Magazine article The Spectator

Money Is No Object

Magazine article The Spectator

Money Is No Object

Article excerpt

We're sliding into the worst depression in the history of mankind but Mayfair hasn't noticed. George, the private members dining-room, is so full of suits scoffing truffles it takes an aeon for my black cod with porcini to arrive; haughty Russian bimbettes stalk the pavements in search of thousandquid-a-pop accessories from Marc Jacobs, Balenciaga and Christian Louboutin. And here I am now on Mount Street, in William & Son, trying to imagine what it would be like to be someone for whom money was no object.

Pretty great, actually, I decide. Take the watches. I'm not remotely interested in watches -- 'reality bands', I call them -- but there's no doubt that if I were a rich person, I'd need lots and lots, one for each of my whims.

Say I were feeling playful and ironic, I'd go for something like the Graham SAS watch (£5,600) with its chunky, ActionMan-style case and a delightfully gimmicky timer mechanism based on a device bombaimers used in the second world war. If I wanted pared-down and elegant, it would be an austerely functional H. Moser & Cie (£5,360). Then for pure pose value, it would have to be the one that looks like a titanium sundial -- a De Bethune it's called -- because there are only about 12 in the whole country.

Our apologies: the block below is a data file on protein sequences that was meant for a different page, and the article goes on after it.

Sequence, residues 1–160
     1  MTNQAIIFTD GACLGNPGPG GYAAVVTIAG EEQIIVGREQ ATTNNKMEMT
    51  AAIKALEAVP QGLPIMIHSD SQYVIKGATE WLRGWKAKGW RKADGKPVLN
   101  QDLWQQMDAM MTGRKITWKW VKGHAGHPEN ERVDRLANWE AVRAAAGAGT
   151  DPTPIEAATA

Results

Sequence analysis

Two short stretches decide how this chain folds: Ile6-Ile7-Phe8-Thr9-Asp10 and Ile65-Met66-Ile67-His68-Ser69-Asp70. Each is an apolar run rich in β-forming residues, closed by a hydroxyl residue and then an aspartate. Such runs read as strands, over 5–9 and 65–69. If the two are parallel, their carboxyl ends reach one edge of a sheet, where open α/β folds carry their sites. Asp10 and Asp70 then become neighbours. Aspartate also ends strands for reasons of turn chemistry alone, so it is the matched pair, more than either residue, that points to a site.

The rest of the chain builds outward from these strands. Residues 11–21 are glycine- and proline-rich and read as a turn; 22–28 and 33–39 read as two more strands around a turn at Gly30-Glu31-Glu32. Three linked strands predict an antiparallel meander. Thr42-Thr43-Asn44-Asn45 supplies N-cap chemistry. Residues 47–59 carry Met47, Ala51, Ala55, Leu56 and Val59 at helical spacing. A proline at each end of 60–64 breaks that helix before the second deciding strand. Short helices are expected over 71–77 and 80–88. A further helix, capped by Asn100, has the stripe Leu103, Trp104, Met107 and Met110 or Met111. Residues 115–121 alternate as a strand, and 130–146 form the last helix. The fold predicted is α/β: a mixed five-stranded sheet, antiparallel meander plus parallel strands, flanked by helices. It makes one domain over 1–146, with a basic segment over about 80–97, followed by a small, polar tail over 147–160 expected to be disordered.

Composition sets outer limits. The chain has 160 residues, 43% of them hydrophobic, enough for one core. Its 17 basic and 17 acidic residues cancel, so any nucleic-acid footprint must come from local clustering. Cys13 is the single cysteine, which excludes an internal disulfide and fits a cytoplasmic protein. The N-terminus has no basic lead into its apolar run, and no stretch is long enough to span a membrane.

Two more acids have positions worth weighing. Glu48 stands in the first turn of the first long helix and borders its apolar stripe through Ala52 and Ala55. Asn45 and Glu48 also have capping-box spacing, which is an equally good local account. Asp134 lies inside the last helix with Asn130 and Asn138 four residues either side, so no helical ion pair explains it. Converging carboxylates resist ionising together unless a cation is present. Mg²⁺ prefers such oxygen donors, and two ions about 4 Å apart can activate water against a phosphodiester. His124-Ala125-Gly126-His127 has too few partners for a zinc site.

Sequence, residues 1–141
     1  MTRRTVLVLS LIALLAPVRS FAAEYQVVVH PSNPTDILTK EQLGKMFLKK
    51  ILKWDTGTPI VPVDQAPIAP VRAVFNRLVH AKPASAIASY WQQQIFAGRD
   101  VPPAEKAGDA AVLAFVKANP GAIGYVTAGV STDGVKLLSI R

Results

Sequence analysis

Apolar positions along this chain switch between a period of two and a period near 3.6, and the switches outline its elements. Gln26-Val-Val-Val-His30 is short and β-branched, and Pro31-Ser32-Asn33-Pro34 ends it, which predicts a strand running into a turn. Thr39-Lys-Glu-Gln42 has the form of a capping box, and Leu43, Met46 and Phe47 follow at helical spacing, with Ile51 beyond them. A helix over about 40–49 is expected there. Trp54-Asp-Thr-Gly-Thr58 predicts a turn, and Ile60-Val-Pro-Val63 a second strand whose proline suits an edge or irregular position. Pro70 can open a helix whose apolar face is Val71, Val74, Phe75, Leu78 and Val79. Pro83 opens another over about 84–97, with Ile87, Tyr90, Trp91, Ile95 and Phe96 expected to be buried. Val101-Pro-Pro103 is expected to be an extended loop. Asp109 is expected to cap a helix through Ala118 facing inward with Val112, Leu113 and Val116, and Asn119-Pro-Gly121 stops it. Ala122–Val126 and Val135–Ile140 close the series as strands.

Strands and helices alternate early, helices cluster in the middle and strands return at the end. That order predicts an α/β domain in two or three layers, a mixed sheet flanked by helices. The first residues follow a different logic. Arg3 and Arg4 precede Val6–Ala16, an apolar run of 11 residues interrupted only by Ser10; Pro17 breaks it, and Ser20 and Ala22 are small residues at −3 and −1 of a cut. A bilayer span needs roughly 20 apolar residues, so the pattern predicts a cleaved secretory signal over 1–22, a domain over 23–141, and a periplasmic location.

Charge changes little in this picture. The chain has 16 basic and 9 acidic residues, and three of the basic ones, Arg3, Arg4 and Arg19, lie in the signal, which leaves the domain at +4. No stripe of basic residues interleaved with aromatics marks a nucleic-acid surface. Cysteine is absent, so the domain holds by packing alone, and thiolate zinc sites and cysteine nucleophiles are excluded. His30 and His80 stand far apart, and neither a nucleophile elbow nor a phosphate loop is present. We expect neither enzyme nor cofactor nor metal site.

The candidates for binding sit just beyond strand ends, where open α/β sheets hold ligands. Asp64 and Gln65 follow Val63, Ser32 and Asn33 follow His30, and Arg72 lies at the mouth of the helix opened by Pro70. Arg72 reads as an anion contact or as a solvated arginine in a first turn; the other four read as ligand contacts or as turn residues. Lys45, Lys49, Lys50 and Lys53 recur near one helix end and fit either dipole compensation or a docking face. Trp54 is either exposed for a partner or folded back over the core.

Since I'm not rich, though, a shop as exclusive as William & Son leaves me slightly puzzled. Who actually buys this stuff? What's it all for? And is this really the sort of business you want to be in in the midst of economic Armageddon?

'There will always be people who'll spend money and buy nice things, ' insists the shop's proprietor William Asprey -- the seventh generation of the calico-printers-turned-sellers-of-luxury-objets since their arrival in England from France in 1781. Well, obviously he'd say that. He's just spent umpteen thousands of pounds refurbishing his London store, transforming it from a dingy Grace Brothers lookalike into something more modern, better lit and enticing. But is there really such a thing as a recession-proof business?

Moments later, my answer walks in. Two Americans -- the sort, I'm guessing, who spend their August in very large second homes in the Hamptons -- pop in for a friendly chat with William about guns (on which, being also a gunsmith and madkeen shooter, he is quite an expert). …

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